Common construction site injuries: how to avoid them

Common construction site injuries and how to avoid them, Industry health and safety tips, Building

Common Construction Site Injuries and How to Avoid Them

15 August 2022

Common construction site injuries: how to avoid them
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Construction is among the most dangerous industries to work in. Often, workers must contend with the dangers of falling objects, heavy machinery, and other construction materials that can cause serious injury.

Due to the nature of construction sites, the Occupational Safety and Health Administration (OSHA) requires employers to follow strict safety protocols to mitigate risk. But even with these stringent rules and regulations, construction workers still suffer injuries at work, and here are the common ones and how to avoid them.

Injuries from Falls

Falls are a leading cause of construction site injuries and deaths. Many factors can contribute to fall-related injuries, including slip and fall accidents and scaffolding collapses.

Some of the most common injuries resulting from falls include broken bones and injuries to the spinal cord. These injuries can lead to permanent physical disabilities and paralysis if not treated early enough.

To reduce the risk of injuries from falls, you must use proper fall protection equipment, such as safety net systems. You should also maintain a clean working area, be mindful of your surroundings and avoid distractions while working at heights.


Burns at construction sites are often the result of contact with hot materials or equipment. Burns can be divided into contact burns, caused by touching a hot object, and heat burns, which occur when your clothing is close enough to a heat source.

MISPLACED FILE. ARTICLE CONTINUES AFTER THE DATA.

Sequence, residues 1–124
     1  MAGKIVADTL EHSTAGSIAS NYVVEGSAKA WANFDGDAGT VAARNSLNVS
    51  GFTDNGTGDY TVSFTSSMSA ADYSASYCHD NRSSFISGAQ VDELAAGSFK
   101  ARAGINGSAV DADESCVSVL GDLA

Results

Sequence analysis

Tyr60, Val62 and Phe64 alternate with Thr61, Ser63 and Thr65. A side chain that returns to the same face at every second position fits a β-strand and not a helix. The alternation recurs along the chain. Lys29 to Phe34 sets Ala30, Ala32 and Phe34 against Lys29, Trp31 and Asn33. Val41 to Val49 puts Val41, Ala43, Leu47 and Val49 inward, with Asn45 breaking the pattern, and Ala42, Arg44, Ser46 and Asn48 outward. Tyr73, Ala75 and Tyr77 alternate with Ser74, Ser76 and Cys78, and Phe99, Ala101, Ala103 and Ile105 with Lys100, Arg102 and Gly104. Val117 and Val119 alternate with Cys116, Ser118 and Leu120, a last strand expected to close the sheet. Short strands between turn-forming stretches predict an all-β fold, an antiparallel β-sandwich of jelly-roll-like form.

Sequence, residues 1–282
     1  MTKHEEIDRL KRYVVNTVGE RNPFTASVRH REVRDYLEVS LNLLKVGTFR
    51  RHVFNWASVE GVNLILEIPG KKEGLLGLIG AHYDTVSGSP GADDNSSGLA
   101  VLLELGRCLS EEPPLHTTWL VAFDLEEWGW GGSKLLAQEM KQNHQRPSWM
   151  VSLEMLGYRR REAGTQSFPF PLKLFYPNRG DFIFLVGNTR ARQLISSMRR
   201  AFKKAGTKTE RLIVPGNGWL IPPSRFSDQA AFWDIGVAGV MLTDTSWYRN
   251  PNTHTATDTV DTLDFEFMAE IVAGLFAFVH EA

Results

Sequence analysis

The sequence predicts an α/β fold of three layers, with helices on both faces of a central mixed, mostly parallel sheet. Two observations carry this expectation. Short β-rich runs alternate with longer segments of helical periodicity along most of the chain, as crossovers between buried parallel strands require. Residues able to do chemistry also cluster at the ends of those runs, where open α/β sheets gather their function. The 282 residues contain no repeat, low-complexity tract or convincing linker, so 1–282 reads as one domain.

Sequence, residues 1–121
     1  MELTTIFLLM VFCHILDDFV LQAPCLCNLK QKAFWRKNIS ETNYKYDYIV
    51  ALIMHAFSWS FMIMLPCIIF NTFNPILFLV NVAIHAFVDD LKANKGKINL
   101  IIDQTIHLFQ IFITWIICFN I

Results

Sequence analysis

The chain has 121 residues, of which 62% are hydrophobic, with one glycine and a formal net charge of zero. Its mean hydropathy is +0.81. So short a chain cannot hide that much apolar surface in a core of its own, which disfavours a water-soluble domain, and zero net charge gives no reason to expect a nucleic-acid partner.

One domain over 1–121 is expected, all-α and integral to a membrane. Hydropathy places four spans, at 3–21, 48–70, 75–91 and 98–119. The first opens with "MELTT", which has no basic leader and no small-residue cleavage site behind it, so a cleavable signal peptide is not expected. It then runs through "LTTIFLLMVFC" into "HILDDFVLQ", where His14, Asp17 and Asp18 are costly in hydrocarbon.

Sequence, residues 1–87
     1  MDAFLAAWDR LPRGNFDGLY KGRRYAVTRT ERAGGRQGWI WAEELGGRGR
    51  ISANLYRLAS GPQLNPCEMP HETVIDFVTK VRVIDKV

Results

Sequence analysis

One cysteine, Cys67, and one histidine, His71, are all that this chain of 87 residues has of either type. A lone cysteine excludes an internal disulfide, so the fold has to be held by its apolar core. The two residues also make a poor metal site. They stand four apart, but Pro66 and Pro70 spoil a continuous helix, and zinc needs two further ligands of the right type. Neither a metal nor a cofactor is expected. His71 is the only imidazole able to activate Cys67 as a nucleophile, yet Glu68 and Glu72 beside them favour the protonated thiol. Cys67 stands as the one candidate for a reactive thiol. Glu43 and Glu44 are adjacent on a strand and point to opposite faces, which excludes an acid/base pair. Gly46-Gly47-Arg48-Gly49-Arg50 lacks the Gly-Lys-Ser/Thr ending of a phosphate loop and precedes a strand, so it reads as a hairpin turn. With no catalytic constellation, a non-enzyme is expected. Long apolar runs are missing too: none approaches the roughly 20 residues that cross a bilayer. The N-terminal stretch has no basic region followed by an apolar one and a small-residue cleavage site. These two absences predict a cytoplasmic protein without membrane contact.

Wearing appropriate clothing for the job, such as flame-retardant pants and shirts, is an excellent way to prevent burns. Gloves made from fire-resistant materials are particularly recommended when handling hot objects.

Cuts and Lacerations

Construction work often requires workers to handle sharp materials, like broken glass or barbed wire. You may also need to use sharp tools such as saw blades, axes, and shovels, which might cause cuts and lacerations if not appropriately handled.

Therefore, always stick to safe work procedures when handling these sharp tools and objects. This includes using gloves and other PPE to protect your hands.

Moreover, ensure you get adequate training and understand how to use sharp tools efficiently. You should also keep your working site free from sharp objects by cleaning broken glass and other debris.

Head and Brain Injuries

Working in the construction industry makes you more likely to suffer from head injuries and traumatic brain injuries than employees in other sectors.

This is because you are surrounded by heavy moving objects and work from heights where a single mistake could make you fall, hitting your head on the ground.

Some common head injuries include concussions, penetrating head wounds, and hemorrhages. Suffering any of these injuries could lead to severe problems like memory loss, paralysis, or even death.

The good news is you can minimize the risk of head and brain injuries by wearing a helmet and following safety protocol when operating equipment. Also, always be aware of your surroundings to avoid being hit on the head by falling objects.

In case you have suffered head or brain injuries while at work, you may be eligible to recover compensation, regardless of fault. However, it would help to let experienced lawyers, such as the attorneys at Abels and Annes, handle your workers’ compensation claim.

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Parting Shot

No matter how careful you are at the workplace, it’s impossible to eliminate the chances of an accident. Luckily, what you do immediately after a workplace accident can help speed up your recovery and maximize your chances of a favorable outcome.

Therefore, ensure you seek immediate medical attention and report the accident as soon as it happens. If your injuries are not so severe, gather as much evidence as possible, including witness statements and contacts, to help your lawyer build a solid case.

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